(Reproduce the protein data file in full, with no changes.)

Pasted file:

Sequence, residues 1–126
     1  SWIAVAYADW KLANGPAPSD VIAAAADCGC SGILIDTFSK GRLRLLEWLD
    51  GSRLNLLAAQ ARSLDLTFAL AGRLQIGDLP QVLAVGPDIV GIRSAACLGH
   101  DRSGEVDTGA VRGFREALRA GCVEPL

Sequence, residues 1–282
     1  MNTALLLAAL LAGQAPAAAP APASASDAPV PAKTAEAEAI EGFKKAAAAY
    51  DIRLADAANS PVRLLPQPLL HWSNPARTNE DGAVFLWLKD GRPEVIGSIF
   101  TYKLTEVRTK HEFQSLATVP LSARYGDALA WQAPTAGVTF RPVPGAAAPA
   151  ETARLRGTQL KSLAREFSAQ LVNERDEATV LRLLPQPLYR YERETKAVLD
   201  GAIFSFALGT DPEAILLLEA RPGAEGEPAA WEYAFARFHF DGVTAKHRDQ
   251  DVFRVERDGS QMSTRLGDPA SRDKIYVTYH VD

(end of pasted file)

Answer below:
Sequence, residues 1–126
     1  SWIAVAYADW KLANGPAPSD VIAAAADCGC SGILIDTFSK GRLRLLEWLD
    51  GSRLNLLAAQ ARSLDLTFAL AGRLQIGDLP QVLAVGPDIV GIRSAACLGH
   101  DRSGEVDTGA VRGFREALRA GCVEPL

Sequence, residues 1–282
     1  MNTALLLAAL LAGQAPAAAP APASASDAPV PAKTAEAEAI EGFKKAAAAY
    51  DIRLADAANS PVRLLPQPLL HWSNPARTNE DGAVFLWLKD GRPEVIGSIF
   101  TYKLTEVRTK HEFQSLATVP LSARYGDALA WQAPTAGVTF RPVPGAAAPA
   151  ETARLRGTQL KSLAREFSAQ LVNERDEATV LRLLPQPLYR YERETKAVLD
   201  GAIFSFALGT DPEAILLLEA RPGAEGEPAA WEYAFARFHF DGVTAKHRDQ
   251  DVFRVERDGS QMSTRLGDPA SRDKIYVTYH VD